Partnerships for Schools

Partnerships for Schools (PfS) was a joint venture company that was set up in 2004 to deliver the UK's Building Schools for the Future (BSF) programme. In March 2006, PfS also took on responsibility for delivering the Academies programme, integrating delivery into BSF where possible.

PfS was a partnership between the Department for Education (DfE), (formerly DCSF and previous to that DfES), Partnerships UK and private sector companies.

Every state secondary school in England – around 3,500 in total – was to be rebuilt or refurbished by PfS over the duration of the programme, affecting around 3.3 million young people and thousands of teachers.

As of September 2008, 22 local authorities had selected their private sector partner for BSF and in so doing signed contracts worth £2.5bn that would see nearly 150 schools rebuilt or refurbished.

On 16 June 2009 the new Schools Minister, Vernon Coaker, announced that from 1 October 2009 PfS would also take on the responsibility for the distribution of capital for the Primary Capital Programme, Devolved Formula Capital and the Targeted Capital programme on behalf of the DCSF. Prior to this PfS had been charged with administering the cross government Co-location Fund.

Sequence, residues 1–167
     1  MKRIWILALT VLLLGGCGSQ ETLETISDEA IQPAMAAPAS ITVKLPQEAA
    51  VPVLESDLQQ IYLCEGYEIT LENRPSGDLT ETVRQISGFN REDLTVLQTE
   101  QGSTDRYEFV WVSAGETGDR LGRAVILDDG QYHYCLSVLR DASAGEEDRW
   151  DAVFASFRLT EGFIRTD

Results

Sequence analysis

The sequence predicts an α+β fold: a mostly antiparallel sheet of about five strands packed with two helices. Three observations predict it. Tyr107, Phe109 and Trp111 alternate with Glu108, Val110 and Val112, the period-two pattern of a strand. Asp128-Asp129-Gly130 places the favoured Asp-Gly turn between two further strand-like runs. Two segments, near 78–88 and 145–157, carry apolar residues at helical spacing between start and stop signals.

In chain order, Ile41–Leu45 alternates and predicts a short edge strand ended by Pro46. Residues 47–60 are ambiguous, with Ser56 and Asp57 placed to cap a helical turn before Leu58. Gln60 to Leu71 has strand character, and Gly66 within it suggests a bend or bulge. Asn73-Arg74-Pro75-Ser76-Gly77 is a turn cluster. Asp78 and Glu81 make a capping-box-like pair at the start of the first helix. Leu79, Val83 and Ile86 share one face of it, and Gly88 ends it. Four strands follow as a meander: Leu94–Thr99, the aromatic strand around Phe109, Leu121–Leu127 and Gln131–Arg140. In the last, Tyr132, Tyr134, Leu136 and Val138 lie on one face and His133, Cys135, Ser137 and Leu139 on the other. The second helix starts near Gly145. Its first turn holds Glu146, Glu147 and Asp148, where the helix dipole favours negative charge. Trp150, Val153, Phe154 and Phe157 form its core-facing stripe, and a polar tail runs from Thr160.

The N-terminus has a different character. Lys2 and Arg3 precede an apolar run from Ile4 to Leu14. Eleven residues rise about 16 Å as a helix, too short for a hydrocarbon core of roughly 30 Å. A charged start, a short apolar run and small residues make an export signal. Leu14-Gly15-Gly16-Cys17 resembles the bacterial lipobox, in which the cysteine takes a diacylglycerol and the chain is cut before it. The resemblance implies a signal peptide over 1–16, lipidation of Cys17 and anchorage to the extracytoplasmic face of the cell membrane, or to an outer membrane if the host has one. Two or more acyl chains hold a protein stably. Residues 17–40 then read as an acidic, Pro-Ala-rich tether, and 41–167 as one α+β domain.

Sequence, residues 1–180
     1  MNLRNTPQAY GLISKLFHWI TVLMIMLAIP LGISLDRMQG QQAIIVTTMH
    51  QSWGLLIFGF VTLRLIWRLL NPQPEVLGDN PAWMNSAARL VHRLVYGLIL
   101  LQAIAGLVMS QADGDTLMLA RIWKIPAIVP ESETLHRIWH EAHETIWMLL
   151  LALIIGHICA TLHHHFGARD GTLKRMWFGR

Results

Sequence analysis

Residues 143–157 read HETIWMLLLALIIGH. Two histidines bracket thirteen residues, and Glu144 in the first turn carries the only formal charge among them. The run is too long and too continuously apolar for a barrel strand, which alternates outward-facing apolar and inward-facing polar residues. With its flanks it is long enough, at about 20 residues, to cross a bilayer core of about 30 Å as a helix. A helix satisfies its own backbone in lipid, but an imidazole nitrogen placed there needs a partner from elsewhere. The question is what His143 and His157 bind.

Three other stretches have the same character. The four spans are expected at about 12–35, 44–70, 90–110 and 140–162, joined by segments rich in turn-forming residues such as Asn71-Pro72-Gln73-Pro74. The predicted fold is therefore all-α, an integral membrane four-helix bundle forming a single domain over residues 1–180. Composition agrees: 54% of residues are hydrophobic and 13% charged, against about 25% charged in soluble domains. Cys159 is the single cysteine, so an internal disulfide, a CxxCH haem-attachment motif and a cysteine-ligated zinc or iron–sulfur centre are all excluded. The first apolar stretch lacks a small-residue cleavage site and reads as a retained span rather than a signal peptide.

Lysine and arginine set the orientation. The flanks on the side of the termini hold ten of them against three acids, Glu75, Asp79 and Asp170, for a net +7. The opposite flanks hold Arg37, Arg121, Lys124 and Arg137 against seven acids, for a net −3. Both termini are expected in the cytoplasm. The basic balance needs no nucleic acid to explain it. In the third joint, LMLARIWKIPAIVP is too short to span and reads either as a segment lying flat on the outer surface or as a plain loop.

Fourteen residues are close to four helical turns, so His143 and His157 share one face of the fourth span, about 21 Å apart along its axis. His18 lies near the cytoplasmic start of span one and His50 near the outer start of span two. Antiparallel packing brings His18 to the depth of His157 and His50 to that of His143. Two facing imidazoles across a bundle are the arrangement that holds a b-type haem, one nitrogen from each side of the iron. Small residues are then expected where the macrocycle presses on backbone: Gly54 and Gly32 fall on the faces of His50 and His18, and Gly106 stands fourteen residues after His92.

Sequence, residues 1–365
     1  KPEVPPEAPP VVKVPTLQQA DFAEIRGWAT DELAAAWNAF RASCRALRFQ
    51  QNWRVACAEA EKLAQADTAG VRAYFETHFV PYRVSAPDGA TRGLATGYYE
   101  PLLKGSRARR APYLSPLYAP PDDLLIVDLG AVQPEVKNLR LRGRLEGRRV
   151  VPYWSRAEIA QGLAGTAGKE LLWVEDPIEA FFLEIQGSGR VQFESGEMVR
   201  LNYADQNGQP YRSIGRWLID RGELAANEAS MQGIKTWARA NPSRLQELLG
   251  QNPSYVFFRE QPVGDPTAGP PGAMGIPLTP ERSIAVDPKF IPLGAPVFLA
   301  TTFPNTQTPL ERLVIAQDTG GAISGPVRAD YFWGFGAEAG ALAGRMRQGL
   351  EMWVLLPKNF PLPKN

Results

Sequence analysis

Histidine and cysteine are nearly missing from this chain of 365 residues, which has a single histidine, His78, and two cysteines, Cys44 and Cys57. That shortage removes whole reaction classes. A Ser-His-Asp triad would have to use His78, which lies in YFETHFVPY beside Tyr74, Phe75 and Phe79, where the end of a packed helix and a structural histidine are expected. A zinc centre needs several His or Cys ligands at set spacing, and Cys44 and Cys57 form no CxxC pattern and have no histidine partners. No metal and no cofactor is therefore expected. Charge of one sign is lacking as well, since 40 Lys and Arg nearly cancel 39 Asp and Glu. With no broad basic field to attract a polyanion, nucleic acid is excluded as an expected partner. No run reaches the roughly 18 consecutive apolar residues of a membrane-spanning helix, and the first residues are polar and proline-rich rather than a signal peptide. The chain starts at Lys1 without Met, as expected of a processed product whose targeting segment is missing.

PfS was reported as being criticised by the National Audit Office for being over optimistic in its targets, for using consultants uneconomically, and for having high staff costs (the Chief Executive and top four directors received about £750,000 pa in total); the Shadow Schools Secretary warned that it should 'slim down' its bureaucracy. It was also reported to have unsuccessfully attempted to censor unfavourable comments from a critical report by the Policy Exchange think tank.[1][2]

It was announced in June 2011 that PfS would be axed on 31 March 2012 to be replaced with a new executive agency called the Education Funding Agency.[3]

External linksEdit

SourcesEdit

  1. ^ "Quango Bosses' Pay: Trebles all round!", Private Eye 1251, 11 December 2009
  2. ^ The Building Schools for the Future Programme National Audit Office 12 February 2009
  3. ^ "Archived copy". Archived from the original on 2011-07-05. Retrieved 2011-07-16.CS1 maint: archived copy as title (link)